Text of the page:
For almost every child, attention to providing a good diet is all that is needed to prevent iron deficiency. Contrary to what Popeye may have thought, the most iron-rich food is not spinach, but red meat, liver, eggs, whole grains, and dried beans and other legumes.

Here are some suggestions for preventing your child from being iron deficient:

Breast-feed your baby for the first year or longer.

If breast-feeding is not possible, feed your baby an iron-enriched infant formula for the first year.

Enroll your child in the federal WIC (Women Infants Children) program, which provides excellent iron-rich foods — another wonderful children’s nutritional success story.

When your child is between age 1 and 2, limit cow’s milk to about 16 to 24 ounces a day — more than this amount makes your toddler less interested in eating meat and other foods that are rich in iron. It also may cause a tiny amount of blood loss in stool, which makes iron deficiency worse.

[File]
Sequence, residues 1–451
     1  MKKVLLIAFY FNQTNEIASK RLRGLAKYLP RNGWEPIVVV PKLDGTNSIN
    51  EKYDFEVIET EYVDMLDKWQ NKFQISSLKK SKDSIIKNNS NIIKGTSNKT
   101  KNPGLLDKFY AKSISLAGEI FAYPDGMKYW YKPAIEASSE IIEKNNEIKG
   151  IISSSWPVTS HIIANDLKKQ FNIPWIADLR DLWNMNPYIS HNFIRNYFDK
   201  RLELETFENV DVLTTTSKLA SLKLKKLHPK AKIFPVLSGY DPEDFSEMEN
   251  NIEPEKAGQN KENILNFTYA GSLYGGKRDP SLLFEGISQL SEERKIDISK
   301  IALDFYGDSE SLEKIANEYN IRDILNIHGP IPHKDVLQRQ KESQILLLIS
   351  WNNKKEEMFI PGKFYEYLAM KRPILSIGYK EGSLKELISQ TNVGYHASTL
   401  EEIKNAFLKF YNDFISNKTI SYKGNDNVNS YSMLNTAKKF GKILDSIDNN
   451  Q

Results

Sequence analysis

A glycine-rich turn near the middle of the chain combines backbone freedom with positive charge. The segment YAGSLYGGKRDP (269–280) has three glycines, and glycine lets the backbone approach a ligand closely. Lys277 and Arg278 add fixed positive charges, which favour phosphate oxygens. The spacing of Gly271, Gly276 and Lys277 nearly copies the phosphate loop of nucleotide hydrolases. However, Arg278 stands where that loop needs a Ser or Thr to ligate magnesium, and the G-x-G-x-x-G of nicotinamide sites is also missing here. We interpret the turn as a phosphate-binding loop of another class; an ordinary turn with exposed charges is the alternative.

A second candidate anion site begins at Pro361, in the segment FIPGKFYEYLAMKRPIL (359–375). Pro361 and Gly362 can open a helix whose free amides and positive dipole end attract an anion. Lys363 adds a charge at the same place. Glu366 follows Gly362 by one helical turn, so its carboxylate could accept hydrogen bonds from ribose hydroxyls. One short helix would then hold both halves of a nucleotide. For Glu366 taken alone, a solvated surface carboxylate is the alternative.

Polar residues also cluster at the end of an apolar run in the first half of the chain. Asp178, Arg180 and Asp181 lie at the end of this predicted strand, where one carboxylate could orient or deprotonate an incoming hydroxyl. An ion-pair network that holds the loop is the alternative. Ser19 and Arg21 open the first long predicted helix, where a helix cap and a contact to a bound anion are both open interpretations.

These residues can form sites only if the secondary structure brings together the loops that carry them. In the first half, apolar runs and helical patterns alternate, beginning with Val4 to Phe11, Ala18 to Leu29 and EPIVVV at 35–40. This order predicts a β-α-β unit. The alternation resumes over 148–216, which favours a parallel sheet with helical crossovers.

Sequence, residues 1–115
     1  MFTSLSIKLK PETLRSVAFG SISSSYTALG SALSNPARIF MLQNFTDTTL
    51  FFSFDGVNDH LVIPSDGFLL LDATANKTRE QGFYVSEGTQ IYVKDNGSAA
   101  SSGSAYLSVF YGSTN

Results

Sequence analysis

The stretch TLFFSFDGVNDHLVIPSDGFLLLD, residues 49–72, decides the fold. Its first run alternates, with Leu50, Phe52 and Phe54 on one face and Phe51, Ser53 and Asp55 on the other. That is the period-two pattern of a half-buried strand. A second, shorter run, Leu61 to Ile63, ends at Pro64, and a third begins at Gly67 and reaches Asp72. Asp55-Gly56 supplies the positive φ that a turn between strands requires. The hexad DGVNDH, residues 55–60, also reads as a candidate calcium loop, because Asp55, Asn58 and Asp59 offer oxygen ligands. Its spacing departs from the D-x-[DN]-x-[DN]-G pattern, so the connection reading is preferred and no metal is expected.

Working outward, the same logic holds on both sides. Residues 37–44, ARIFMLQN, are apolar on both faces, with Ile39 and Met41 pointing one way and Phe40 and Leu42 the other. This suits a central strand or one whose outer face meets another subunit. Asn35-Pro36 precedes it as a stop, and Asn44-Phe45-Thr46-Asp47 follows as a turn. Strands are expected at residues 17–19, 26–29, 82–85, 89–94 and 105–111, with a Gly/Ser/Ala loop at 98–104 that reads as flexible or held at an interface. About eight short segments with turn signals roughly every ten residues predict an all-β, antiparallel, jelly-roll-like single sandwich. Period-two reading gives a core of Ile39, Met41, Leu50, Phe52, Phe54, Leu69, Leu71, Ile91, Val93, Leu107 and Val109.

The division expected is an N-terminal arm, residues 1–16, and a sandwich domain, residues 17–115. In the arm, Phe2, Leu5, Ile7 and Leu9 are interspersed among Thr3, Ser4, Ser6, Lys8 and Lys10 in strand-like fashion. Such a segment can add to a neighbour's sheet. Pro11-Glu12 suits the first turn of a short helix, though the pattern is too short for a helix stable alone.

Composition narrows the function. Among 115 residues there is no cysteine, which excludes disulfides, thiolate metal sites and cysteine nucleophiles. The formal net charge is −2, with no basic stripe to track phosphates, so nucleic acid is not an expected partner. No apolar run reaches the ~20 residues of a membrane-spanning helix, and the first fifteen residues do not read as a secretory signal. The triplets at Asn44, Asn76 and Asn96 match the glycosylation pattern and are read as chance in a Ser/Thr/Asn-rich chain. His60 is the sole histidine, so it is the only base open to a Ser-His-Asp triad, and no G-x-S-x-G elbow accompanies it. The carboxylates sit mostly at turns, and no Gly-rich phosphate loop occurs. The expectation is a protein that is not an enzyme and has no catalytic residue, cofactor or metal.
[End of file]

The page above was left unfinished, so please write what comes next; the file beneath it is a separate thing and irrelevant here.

Have your baby or toddler checked for lead poisoning — children exposed to lead are often iron deficient, too.

Include iron rich foods in your child’s diet many times a week: meat, chicken, fish, eggs, dried beans and whole grains.

Provide foods that contain vitamin C (orange juice and other fruits). Vitamin C helps the body absorb iron from food.

If your family is vegetarian, or if your child absolutely will not eat meat or poultry, provide the daily amount of iron as part of a vitamin with iron preparation. Your pediatrician will suggest the best product for your child.

Encourage your child to be active in exercise, which will increase the child’s appetite for the iron-rich foods you prepare.

Talk with your child’s pediatrician if you are concerned your child may be at risk for iron deficiency. Your doctor can arrange simple blood testing and prescribe extra iron if needed.

Dr. Carole A. Stashwick is a pediatrician and an associate professor of pediatrics at Dartmouth Medical School, where she also director of the pediatric residency program.